How to Build Trust as a Salesperson

Trust me, I'm a salesperson

Happy National New Friends Day! Does anyone still send Facebook friend requests these days? Or did everyone decide to swap those for LinkedIn “connections”? 😅 

In today’s Follow Up:

  • Building trust with prospects 🤝 

  • 25 classic sales letters 🤯 

  • Discovery question sales tip 🗣️ 

  • Sales across the internet 🖥️ 

  • LinkedIn sightings & a sales meme 😂 

Building Trust with Your Prospects

It’s no surprise that salespeople aren’t known as the most “trustworthy” people in the world.

In fact, a Hubspot study found that only 3% of people consider sales reps to be trustworthy.

Used car salesmen really ruined that one for us…

Your ability to build trust with your prospects can be the difference between a healthy commission check and eating ramen for the next month.

But like most things, building trust is much easier said than done.

So how can you build trust with your prospects, close more deals, and finally stop eating ramen rake in those fat commission checks?

Here are 3 tips for building trust as a sales rep. 👇️ 

1. Do Your Research

The more you know about a prospect = the more trust you can build.

For example, let’s pretend you need a new roof and call two roofing companies to come to your house for a quote.

They both provide the same product, but the interactions go something like this:

Sales rep #1: “So I hear you guys need a new roof. Do you know the measurements on it or when it was last replaced? I can get up there and figure it out, but may take an hour or so.

Sales rep #2: “Before I came out I was able to pull all of the measurements of your roof through our satellite imagery software, and found that your house faces South which means you’re more prone to sunlight damage. I’m still not sure if you need a new roof, but I’d like to do some tests on it and then I can walk you through all of the options. Sound fair?

It’s obvious, right?

The sales rep who shows up prepared is seen as the expert and “trusted” advisor.

Let your prospects dig into their pain points and initiatives, but do enough research to show that you truly care about the relationship.

This means showing up to every call with information like:

  • What does the company do?

  • How big are they (rev & employees)?

  • How long have they been in business?

2. Stay Consistent

Do what you say you’re going to.

> Call at the exact time they agreed to.
> Send the email that you promised.
> Bring the information you said you would.

Building trust won’t happen on one call, so it’s important to be consistent in every interaction.

While it seems simple, it’s one of the most important things you can do in your career.

Becoming a consistent and reliable salesperson will not only help you build trust with your prospects but also with your internal team.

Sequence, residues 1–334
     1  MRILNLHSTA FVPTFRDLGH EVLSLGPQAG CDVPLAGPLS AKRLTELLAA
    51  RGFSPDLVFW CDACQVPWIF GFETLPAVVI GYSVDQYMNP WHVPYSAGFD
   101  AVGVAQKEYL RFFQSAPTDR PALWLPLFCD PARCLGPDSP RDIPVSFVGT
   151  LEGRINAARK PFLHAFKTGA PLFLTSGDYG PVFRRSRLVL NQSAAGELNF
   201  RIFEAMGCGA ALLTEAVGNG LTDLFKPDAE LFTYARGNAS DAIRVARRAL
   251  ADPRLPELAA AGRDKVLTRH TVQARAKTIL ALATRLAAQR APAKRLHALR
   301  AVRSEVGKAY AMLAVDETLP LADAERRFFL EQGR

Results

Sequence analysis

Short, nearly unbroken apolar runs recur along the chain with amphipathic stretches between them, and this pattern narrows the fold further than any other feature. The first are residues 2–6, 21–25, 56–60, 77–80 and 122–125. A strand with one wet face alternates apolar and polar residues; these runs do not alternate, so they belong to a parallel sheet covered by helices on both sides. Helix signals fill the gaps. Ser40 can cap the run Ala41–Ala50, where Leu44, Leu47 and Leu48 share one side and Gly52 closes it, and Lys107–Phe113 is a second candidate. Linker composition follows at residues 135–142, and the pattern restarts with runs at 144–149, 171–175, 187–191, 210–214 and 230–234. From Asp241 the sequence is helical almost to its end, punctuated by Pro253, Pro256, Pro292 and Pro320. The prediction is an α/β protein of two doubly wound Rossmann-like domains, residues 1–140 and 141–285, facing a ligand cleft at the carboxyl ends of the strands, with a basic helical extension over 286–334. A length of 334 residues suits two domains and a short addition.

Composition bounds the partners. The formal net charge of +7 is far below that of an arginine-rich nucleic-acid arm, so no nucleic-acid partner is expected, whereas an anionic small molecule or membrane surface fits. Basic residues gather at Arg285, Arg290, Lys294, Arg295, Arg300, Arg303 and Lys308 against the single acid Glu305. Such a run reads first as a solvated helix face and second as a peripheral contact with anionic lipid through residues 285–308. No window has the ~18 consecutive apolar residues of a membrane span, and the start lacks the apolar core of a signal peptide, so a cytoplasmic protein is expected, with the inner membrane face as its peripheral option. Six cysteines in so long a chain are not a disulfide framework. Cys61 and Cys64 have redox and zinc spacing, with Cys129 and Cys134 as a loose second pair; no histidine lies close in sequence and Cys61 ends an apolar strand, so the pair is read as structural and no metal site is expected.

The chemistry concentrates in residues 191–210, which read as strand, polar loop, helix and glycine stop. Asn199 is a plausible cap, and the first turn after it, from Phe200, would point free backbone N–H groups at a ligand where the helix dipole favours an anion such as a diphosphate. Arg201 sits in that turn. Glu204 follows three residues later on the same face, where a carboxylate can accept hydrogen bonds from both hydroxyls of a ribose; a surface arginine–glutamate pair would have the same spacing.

3. Be Transparent

Sometimes it’s best to state the obvious.

Prospects know that our ultimate goal is to sell them our product, and we can’t change that.

But we can be honest and transparent about the situation:

Obviously as a sales rep, I want you to become a customer of ours. But if our solution isn’t the right fit for you, then I will be the first to let you know. Does that sound fair?”

Bringing up the elephant in the room gives the prospect an opportunity to let their guard down and talk like an actual human.

Because at the end of the day, B2B sales is just humans selling to other humans (even though I swear some sales reps can’t be real humans…).


  • Do your research: Let your research show that you actually care about the prospect and their situation.

  • Stay consistent: Do what you say you’re going to do.

  • Be transparent: State the obvious and allow the prospect to let their guard down.

What is your favorite way to build trust in sales?

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Steal these 25 classic sales letters

Stop writing every damn email from scratch. That’s essentially the opposite of self-care, and we can’t bear to see you suffer.

Here’s a pack of proven sales letters for first-touch, follow-up, and break-up communications — including a “last call” email that attained a 33% response rate, and a drip campaign that closed $100k in a month.

Use what already exists before you hit another inbox.

Sales Tip of The Day 💡 

When asking discovery questions, avoid questions that can be answered with 1-5 words.

What is your biggest challenge at the moment?
Can you walk me through your biggest challenge at the moment?

Is this slowing down your team?
Can you tell me about a time this slowed down your team?

Phrases that lead to longer answers allow prospects to open up and give you more valuable information.

Sales in the News 🗞️ 

Checking in on LinkedIn 👀 

LinkedIn = THE place for shirtless CEO pics? 🤔 

Sales Meme of the Day

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